Ben Rickard, Construction Expert at Builtin Insurance Brokers, summarises the key questions that arose during ITM’s recent LBP Training Days.

What is the Building Defects Exclusion?

This is a clause added to all public liability policies (and others) after the leaky homes crisis. It basically excludes any claims related to the penetration of water into a building. Internal leaks, such as from a burst pipe, are typically still covered. Insurers generally still cover water that enters the building due to accidental damage, although this can be complicated. What’s not covered are failures in the building work itself that result in water getting in. If you are responsible for constructing or working on the building envelope you need to be aware of this exclusion and manage this risk via other means.

When should I have contract works insurance?

This covers accidental damage or loss to the construction work. Anytime building work is being done contract works insurance should be in place. In some instances, such as minor renovations, the existing house insurance policy may cover this without requiring contract works cover. Typically, if the work is structural and/or requires a consent contract works insurance is necessary.

If the work is to an existing structure the company that insures that building should also insure the contract works. If the work is a new building then the builder would typically arrange the cover (unless it is a labour only contract – in which case the principal should do it).

Always check the contract to see who is responsible. Make sure that if the owner is responsible you verify they have done so.

Do I need to have both public liability and contract works insurance?

Yes, as they insure different things. Contract works insurance covers the actual building work being done. Ie. the materials and labour that you’re supplying (including sub-contractors) as part of the contract. You can also insure any owner supplied materials under this policy too.

In most common scenarios public liability insurance won’t cover any of this while the contract is still ongoing. This is because it is all considered to still be the builder’s property (most contracts will stipulate that the builder owns the works until completed, paid for and handed over), so the loss is suffered by the builder, and if there is no loss to a third party then there is no claim under a liability policy.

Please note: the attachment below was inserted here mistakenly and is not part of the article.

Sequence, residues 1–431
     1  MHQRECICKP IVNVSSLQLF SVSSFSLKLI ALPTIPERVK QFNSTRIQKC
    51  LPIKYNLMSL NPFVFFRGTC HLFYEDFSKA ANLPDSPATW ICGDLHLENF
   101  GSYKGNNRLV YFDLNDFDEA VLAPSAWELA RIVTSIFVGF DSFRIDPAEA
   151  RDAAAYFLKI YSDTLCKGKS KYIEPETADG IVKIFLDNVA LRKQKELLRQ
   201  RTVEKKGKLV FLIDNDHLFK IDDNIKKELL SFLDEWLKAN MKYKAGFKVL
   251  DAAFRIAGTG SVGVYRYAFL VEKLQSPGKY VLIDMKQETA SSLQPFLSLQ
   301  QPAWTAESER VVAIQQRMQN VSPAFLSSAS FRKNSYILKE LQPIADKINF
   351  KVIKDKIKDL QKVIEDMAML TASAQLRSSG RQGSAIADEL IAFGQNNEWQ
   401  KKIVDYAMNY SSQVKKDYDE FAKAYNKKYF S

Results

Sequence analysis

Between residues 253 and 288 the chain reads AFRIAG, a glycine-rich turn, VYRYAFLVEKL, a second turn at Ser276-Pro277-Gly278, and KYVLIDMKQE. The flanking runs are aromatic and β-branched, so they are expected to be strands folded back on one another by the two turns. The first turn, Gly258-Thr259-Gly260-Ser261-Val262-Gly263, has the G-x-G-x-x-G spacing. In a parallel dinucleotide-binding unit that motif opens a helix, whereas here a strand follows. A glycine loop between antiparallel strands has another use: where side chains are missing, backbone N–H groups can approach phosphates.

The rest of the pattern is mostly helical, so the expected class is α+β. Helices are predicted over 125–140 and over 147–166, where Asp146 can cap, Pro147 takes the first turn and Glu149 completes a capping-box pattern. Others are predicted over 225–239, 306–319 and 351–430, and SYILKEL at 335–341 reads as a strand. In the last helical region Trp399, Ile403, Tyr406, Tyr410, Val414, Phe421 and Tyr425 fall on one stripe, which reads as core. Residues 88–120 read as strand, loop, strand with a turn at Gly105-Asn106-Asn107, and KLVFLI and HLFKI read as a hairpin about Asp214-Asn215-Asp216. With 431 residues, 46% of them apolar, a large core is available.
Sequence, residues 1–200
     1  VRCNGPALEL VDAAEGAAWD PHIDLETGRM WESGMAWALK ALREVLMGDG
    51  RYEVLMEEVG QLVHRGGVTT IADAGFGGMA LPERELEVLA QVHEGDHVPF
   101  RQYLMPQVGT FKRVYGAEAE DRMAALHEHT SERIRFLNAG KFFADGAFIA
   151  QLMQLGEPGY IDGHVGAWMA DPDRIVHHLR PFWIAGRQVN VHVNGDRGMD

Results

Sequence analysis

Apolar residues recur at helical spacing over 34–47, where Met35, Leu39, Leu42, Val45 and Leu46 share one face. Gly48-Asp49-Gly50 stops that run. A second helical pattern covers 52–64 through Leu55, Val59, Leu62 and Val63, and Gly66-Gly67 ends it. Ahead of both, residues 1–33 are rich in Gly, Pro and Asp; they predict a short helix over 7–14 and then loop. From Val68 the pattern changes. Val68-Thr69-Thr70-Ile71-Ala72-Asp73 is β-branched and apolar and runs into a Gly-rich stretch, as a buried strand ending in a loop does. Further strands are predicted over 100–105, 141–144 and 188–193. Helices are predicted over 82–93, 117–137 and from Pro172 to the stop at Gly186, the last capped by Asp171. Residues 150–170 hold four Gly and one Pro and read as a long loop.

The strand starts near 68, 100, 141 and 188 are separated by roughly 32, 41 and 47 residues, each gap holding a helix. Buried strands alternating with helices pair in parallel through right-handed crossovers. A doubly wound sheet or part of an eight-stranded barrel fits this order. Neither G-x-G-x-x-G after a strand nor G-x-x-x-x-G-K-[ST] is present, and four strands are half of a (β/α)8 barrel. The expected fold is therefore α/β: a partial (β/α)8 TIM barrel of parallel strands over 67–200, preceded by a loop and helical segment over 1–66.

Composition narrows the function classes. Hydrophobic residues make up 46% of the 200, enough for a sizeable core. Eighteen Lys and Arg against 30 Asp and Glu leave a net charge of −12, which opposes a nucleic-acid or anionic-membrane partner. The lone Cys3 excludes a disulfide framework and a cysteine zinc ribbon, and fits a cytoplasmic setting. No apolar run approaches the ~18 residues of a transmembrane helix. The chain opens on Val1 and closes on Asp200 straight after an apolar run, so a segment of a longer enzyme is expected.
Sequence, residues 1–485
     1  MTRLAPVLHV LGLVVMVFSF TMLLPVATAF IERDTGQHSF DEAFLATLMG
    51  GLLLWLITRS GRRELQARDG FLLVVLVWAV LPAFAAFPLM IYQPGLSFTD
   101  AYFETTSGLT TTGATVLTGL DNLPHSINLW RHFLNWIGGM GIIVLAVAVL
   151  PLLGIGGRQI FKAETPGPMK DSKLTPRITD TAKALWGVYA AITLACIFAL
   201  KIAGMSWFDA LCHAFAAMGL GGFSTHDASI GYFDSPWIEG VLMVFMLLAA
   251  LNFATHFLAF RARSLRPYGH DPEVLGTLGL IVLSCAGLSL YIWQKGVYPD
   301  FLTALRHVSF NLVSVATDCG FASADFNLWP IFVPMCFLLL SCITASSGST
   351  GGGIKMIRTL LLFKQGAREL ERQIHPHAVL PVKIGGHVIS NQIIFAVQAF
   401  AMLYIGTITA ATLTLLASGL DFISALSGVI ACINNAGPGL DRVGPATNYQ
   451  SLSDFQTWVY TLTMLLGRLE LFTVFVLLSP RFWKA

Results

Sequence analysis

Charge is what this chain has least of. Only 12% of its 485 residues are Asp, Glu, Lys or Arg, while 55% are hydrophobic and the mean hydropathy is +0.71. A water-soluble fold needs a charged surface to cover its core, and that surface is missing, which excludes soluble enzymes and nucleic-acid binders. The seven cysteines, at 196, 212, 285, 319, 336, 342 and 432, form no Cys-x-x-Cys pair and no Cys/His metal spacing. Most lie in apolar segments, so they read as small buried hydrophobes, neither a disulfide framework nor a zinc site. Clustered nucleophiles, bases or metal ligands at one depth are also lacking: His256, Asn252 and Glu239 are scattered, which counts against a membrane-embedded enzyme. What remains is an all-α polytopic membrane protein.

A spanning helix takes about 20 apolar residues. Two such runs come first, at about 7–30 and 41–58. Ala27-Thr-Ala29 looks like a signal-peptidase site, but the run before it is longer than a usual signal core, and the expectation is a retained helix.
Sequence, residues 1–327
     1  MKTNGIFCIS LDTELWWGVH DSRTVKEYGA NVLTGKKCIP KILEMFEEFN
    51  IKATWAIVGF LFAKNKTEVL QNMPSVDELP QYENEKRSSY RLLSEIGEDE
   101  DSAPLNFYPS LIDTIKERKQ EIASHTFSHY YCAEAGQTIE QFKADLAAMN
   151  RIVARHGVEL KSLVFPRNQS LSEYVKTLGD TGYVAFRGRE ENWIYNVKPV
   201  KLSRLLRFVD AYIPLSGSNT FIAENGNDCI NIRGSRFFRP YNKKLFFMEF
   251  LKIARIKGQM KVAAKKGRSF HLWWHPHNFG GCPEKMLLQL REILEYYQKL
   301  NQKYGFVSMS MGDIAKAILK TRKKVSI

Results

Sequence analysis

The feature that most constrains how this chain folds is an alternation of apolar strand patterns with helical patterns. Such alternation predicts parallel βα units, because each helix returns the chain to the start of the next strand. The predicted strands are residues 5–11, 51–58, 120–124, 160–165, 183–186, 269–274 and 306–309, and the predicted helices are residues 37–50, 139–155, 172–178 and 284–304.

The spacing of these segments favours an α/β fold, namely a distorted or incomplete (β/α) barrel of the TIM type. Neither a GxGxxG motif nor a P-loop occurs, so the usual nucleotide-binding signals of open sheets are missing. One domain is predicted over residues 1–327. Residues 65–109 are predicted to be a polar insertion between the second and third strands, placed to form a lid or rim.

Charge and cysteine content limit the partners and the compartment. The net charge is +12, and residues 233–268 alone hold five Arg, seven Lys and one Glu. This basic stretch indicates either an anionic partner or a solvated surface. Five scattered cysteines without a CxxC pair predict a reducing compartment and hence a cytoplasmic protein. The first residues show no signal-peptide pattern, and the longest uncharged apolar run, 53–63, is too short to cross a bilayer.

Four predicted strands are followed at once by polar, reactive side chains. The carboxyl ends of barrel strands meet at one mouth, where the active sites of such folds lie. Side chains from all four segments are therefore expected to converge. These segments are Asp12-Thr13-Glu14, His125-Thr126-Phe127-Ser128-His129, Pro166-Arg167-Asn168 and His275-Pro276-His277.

Public liability insurance covers damage to property that is not yours. This includes property outside the works, such as other parts of the existing structure (eg. damage in the kitchen while you are doing a bathroom renovation), underground services, the neighbour’s driveway etc.

Are sub-contractors covered by contract works insurance?

They should be. Most policies will include sub-contractors as insured parties (you need to check if the policy schedule says this). If you are a sub-contractor and the main contractor has arranged the contract works insurance then you should still be covered if you cause damage to part of the works. Sometimes however, the main contractor will refuse to make a claim under the contract works insurance, putting pressure on the subbie to cover the damage themselves. Claims like that may be covered by the subbie’s public liability insurance, depending on what is damaged (ie. who owns or supplied the damaged items). However, increasingly public liability policies include conditions that will allow the insurer to decline these claims if there is a contract works policy in place that would have covered the damage.

The key point is that as a subbie, if the contract works insurance covers your work, you are entitled to make a claim under it if you cause damage.  Good practice would be to require as a condition of your contract that sub-contractors are named on the contract works policy. And to make sure you obtain a copy of the insurance certificate before you start work. That way, if a claim does need to be made you have the means to make it yourself.

Homeowners who arrange contract works insurance for renovations or alterations can also be reluctant to make claims if the builder is responsible for damage. However, that is what the policy is there for and the builder is equally entitled to claim under it. Explaining this early on in the process will help to avoid any drama if/when a claim becomes necessary. Obtaining a copy of the insurance certificate from them before starting the work also means you have information you need to make the claim yourself if that becomes necessary.

In a nutshell

Penetration of the building envelope by external water is an exclusion in public liability insurance. Contract works and public liability insurance cover different things, and you need to make sure both are in place. As subbies you are equally entitled to make a claim under contract works insurance arranged by the main contractor. The same applies for a builder when the homeowner has arranged the policy. Take appropriate steps to ensure that you can make a claim directly yourself if it becomes necessary.